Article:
Issue:  Vol. 48 / No. 11 / 15 March 2018

Court allows California ‘ex-gay therapy’ ban to stand

A roadblock to California’s law banning “ex-gay therapy” has been removed now that the 9th U.S. Circuit Court of Appeals ruled Thursday (August 29) that the law should be upheld.

Sen. Ted Lieu

Sen. Ted Lieu

Governor Jerry Brown signed Senate Bill 1172, authored by Senator Ted Lieu (D-Torrance), into law September 29. The legislation bans state-licensed mental health professionals from attempting to engage in efforts to alter the sexual orientation of LGBT youth 18 years and younger.

The groundbreaking law had been set to go into effect January 1, 2013, but a 9th Circuit panel had delayed the implementation date until the conclusion of the court case. The ban doesn’t affect religious groups or ministers.

In a statement Thursday, Lieu said, “Today’s federal court opinion puts another nail in the coffin for the discredited and harmful practice of gay conversion therapy. The Constitution never has allowed, and never will allow, psychological child abuse.”

He added, “Now the law has caught up to the truth: sexual orientation is not a mental illness or defect, but rather the beautiful realization of what it means to be human.”

Hayley Gorenberg, legal director for Lambda Legal, an SB 1172 co-sponsor, stated, “With this ruling, LGBTQ youth across California are protected from the trauma of so-called ‘ex-gay therapy’ and the devastation these discredited methods cause youth and their families.”

The ruling came in two separate lawsuits, which the appeals court combined: Pickup v. Brown and Welch v. Brown.

According to Equality California, another SB 1172 co-sponsor, the court found that the plaintiffs failed to show that the ban infringes therapists’ free speech rights.

EQCA Executive Director John O’Connor said in a statement, “The court’s decision today on Senate Bill 1172 is a major victory for anyone who cares about the well-being of our youth. It will directly impact the lives of thousands of young people by protecting them from this horrific practice.”

Other SB 1172 co-sponsors were the National Center for Lesbian Rights, Mental Health America of Northern California, and Gaylesta.


— Seth Hemmelgarn, August 29, 2013 @ 2:49 pm PST
Filed under: Uncategorized

Parties, bike ride kick off Pride weekend in Oakland

Back for a third year, fiveTen Productions has several events planned this weekend, in the run-up to the fourth annual Oakland Pride festival Sunday, September 1.

FiveTen (the Oakland area code) is a mix of dance parties, live performances, and a bike ride. It’s promoted by Eden Pride Events and produced by Christine De La Rosa and Chaney Turner. The events are open to men and women alike.

(The Memorials will headline the fiveTen Pride after-party Sunday in Oakland.)

(The Memorials will headline the fiveTen Pride after-party Sunday in Oakland.)

First up is Casino Royale Friday, August 30, the official Oakland Pride kickoff party. The action takes place at the Den inside the historic Fox Theatre, 1807 Telegraph Avenue, from 9 p.m. to 2 a.m. Tickets are $10 in advance or $15 at the door.

There will be blackjack, roulette, craps tables, and more. Guests who purchase advance tickets will earn $100 in credit to play at the tables. A portion of the proceeds benefits the Eden LGBTQ Youth Foundation. DJs Val G, Lay Fingaz, and Trinity will be spinning the hottest beats.

The foundation, which launched earlier this year, is a separate entity from Eden Pride Events. The events are produced by fiveTEN Oakland Events.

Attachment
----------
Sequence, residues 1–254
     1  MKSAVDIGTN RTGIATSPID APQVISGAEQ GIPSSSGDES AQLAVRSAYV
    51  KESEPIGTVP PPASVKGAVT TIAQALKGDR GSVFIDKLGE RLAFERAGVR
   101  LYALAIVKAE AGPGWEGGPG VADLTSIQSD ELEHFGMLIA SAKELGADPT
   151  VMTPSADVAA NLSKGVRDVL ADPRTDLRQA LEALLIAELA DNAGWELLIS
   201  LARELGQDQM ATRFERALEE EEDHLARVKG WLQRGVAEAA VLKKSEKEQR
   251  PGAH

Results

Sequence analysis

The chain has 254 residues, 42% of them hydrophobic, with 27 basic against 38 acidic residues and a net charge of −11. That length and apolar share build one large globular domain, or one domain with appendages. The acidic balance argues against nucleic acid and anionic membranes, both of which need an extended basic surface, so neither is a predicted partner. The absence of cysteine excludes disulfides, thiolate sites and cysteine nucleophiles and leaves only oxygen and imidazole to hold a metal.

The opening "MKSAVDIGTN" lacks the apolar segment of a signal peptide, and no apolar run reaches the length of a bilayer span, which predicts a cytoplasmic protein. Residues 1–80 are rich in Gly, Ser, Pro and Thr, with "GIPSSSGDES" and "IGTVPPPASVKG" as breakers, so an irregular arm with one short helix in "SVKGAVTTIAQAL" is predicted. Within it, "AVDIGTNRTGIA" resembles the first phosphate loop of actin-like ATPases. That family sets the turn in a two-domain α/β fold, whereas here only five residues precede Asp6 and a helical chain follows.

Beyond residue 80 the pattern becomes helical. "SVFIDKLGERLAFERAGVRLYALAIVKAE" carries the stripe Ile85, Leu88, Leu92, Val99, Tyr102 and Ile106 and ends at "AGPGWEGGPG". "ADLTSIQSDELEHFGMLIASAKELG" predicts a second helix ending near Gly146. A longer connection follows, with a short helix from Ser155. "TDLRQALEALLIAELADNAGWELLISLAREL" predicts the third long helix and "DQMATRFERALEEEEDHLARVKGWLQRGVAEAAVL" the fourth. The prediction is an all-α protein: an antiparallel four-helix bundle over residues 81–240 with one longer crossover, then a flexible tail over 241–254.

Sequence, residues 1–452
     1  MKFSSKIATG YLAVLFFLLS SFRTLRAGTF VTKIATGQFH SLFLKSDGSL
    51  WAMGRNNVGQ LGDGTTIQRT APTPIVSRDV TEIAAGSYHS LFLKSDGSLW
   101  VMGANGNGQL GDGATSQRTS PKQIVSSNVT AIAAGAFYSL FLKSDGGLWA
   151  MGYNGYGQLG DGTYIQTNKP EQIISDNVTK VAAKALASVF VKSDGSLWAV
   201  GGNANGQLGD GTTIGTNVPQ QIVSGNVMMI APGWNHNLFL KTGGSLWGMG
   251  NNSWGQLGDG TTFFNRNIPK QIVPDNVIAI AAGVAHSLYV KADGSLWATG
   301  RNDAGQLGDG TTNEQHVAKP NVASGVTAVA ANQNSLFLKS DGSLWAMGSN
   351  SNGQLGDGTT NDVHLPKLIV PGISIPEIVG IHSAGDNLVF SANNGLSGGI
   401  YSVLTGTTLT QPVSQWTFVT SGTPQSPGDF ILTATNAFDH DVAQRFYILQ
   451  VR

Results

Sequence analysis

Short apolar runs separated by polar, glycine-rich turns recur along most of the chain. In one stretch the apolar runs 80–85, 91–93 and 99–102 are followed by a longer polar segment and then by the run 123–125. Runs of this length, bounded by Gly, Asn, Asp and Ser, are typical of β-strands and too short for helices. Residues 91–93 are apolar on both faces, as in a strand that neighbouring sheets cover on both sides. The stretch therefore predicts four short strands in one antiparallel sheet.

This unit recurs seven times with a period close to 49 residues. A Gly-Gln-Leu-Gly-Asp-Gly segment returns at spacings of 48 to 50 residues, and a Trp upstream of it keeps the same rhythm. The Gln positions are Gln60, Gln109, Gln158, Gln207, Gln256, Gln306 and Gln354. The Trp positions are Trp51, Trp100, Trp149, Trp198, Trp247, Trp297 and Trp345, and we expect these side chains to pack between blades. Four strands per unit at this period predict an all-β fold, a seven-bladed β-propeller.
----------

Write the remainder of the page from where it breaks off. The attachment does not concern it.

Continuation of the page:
On Saturday, August 31, fiveTen will host its second annual Oakland Pride Bike Ride. Participants should meet at lake Merritt (El Embarcadero Street) at 5:30 p.m.; the ride goes from 6 to 8 and ends at New Parish, 579 18th Street, where valet bike parking will be available The ride is free.

Following the ride, New Parish will host WERQ! Vogue Ball until 2 a.m. Tickets are $10 in advance or $15 at the door. The party will feature two dance floors, food vendors, an outside patio and a vogue competition. The night will feature some of the bay’s finest voguers, whackers, and house dancers who will all battle it out for cash prizes and ultimate vogueing supremacy. The party is hosted by Lady Lana and Aima the Dreamer.

Finally, fiveTen’s events will conclude Sunday, September 1 with a music fest and after-party from 7 p.m. to 2 a.m. at Oakland Metro, 630 3rd Street. VIP tickets are $20, general admission is $15 in advance or VIP $25, general $20 at the door.

This year’s line-up is amazingly diverse with headliners The Memorials, Lila Rose, Aima the Dreamer joined by Raw G., Billie Jr., Micah Tron, Queens D. Light, we have artists representing multiple genres of music. Hip-hop, R&B, indie rock and soul music.

For more information on any of the above events, visit

As for the Oakland Pride festival, it takes place Sunday, September 1 from 11 a.m. to 7 p.m. in the city’s Uptown district. Admission is $10 for adults and $5 for kids between 2-12. Entrance is at 20th and Broadway, near the 19th Street BART station. For more information, visit

— Cynthia Laird, @ 10:58 am PST
Filed under: Arts,News

Harvey Milk school supporters raise money after burglary

Harvey Milk Civil Rights Academy (Photo:

Harvey Milk Civil Rights Academy (Photo:

Supporters of Harvey Milk Civil Rights Academy are raising money to replace stolen items and make repairs after a recent burglary at the school in San Francisco’s Castro neighborhood.

During the incident, which happened between the night of August 5 and the morning of August 6, the school was “burglarized, ransacked and vandalized,” according to an email from Alan Beach-Nelson, president of the Castro/Eureka Valley Neighborhood Association. CEVNA and other groups so far have raised more than $2,500 for the school, which is located at 4235 19th Street. Supporters are hoping to gather more than $5,000 altogether.